News From The Fetus Front: Maybe Fetuses Aren’t “Persons”

Ken AshfordCrime, Women's IssuesLeave a Comment

(1)  A New Mexico bill introduced Wednesday would force rape victims to carry their pregnancies to term during their sexual assault trial or be charged with “tampering with evidence.

If a woman ended her pregnancy after being raped, both she and her doctor would be charged with a third degree felony under HB 206:

Tampering with evidence shall include procuring or facilitating an abortion, or compelling or coercing another to obtain an abortion, of a fetus that is the result of criminal sexual penetration or incest with the intent to destroy evidence of the crime.

In addition to burdening victims of sexual assault, the bill from State Rep. Carolyn Brown (R) also reveals some hypocrisy in the anti-abortion community. While anti-choice advocates maintain that a fetus should be afforded the full rights of personhood, charging abortion as “tampering with evidence” effectively turns the fetus into an object.

(2)  This New Mexico bill isn't the first time so-called pro-life supporters have dropped the fetal personhood crusade when it was convenient.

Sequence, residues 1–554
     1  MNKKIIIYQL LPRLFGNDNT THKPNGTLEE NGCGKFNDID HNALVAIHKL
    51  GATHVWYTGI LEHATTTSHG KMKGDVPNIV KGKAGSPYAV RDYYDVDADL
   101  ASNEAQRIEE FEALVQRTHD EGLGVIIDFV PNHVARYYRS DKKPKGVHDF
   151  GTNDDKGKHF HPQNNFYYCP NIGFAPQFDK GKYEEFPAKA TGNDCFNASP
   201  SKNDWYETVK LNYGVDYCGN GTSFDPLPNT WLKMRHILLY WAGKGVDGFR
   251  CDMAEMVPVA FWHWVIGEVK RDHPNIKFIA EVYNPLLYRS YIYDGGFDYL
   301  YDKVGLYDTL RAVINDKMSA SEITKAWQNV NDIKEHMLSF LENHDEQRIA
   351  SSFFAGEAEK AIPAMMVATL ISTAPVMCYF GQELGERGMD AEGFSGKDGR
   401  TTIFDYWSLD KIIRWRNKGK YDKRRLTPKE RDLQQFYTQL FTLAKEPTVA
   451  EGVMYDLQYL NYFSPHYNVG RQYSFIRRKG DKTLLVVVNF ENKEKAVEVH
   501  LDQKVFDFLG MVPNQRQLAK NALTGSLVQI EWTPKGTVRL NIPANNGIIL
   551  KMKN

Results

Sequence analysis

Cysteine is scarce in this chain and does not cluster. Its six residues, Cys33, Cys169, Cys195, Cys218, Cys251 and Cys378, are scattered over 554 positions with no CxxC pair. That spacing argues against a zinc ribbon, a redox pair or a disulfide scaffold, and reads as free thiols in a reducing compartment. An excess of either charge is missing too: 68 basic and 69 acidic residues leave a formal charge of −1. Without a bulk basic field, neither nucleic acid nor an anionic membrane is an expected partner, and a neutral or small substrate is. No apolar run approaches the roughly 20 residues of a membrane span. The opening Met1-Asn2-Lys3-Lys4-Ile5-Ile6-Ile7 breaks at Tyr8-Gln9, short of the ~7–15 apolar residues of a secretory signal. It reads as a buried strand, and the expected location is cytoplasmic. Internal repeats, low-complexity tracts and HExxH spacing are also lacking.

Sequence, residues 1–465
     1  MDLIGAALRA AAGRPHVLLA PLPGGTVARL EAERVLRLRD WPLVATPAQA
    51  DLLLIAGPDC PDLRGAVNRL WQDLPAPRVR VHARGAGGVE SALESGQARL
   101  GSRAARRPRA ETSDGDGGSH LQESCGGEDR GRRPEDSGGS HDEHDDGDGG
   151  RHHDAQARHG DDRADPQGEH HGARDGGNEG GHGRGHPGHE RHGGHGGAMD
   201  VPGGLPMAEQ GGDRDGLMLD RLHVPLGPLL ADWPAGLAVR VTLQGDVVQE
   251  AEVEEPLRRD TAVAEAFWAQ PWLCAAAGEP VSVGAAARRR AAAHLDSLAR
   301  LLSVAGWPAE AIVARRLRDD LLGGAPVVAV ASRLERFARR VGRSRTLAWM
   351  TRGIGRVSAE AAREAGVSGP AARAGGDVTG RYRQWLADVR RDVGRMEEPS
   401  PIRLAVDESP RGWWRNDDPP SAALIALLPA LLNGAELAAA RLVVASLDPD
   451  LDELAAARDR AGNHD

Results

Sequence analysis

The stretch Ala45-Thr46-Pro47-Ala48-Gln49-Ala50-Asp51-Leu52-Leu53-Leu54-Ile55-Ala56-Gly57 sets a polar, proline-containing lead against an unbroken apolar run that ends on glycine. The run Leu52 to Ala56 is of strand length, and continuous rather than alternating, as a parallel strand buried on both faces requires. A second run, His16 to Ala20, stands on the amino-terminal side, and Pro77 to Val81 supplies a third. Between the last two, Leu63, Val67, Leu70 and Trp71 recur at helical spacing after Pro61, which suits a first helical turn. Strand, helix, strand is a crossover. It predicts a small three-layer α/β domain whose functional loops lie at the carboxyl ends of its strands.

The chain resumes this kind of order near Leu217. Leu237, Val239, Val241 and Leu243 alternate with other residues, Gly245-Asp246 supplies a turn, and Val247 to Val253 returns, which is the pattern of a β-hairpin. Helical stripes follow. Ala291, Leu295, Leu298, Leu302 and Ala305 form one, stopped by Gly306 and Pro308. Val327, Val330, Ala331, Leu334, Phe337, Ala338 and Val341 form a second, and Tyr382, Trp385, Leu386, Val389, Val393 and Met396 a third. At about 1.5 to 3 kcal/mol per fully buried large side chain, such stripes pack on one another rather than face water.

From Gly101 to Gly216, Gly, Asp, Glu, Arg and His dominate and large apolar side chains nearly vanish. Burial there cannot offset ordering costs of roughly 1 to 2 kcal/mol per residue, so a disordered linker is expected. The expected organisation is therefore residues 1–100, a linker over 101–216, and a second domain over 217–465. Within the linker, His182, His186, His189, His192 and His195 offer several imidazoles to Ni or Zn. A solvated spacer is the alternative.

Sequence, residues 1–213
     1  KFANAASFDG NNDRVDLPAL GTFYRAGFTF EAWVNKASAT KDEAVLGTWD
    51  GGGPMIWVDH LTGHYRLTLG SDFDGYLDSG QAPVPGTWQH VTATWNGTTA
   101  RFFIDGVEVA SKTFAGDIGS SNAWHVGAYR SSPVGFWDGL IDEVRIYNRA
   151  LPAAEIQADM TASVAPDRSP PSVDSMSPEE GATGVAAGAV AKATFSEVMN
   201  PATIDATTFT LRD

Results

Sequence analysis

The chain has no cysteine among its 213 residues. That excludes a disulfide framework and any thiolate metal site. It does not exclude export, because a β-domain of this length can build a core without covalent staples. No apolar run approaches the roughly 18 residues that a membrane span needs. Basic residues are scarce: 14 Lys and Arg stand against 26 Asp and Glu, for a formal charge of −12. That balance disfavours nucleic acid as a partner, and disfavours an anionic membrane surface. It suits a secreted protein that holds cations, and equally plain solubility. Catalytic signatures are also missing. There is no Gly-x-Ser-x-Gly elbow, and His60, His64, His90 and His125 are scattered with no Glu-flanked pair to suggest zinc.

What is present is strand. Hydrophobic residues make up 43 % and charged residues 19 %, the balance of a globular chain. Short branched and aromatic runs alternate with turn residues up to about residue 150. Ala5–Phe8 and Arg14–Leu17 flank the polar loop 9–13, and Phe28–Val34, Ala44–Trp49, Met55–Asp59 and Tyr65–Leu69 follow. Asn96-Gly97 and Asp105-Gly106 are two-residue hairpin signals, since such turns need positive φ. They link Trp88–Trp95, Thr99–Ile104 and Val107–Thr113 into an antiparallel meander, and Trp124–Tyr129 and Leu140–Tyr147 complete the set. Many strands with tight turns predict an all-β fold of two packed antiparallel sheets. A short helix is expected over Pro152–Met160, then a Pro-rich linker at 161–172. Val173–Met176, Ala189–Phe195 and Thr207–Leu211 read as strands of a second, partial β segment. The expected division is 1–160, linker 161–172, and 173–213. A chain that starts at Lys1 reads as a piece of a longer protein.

When sued for malpractice, a Catholic hospital group decides that fetuses don’t have any rights if that would cost them money: (via)

But when it came to mounting a defense in the Stodghill case, Catholic Health’s lawyers effectively turned the Church directives on their head. Catholic organizations have for decades fought to change federal and state laws that fail to protect “unborn persons,” and Catholic Health’s lawyers in this case had the chance to set precedent bolstering anti-abortion legal arguments. Instead, they are arguing state law protects doctors from liability concerning unborn fetuses on grounds that those fetuses are not persons with legal rights.

This is a sad case where a woman pregnant with twins died suddenly, and no emergency c-section was performed to attempt to save the twins. Apparently unborn persons are only persons if they’re being treated in a non-Catholic hospital.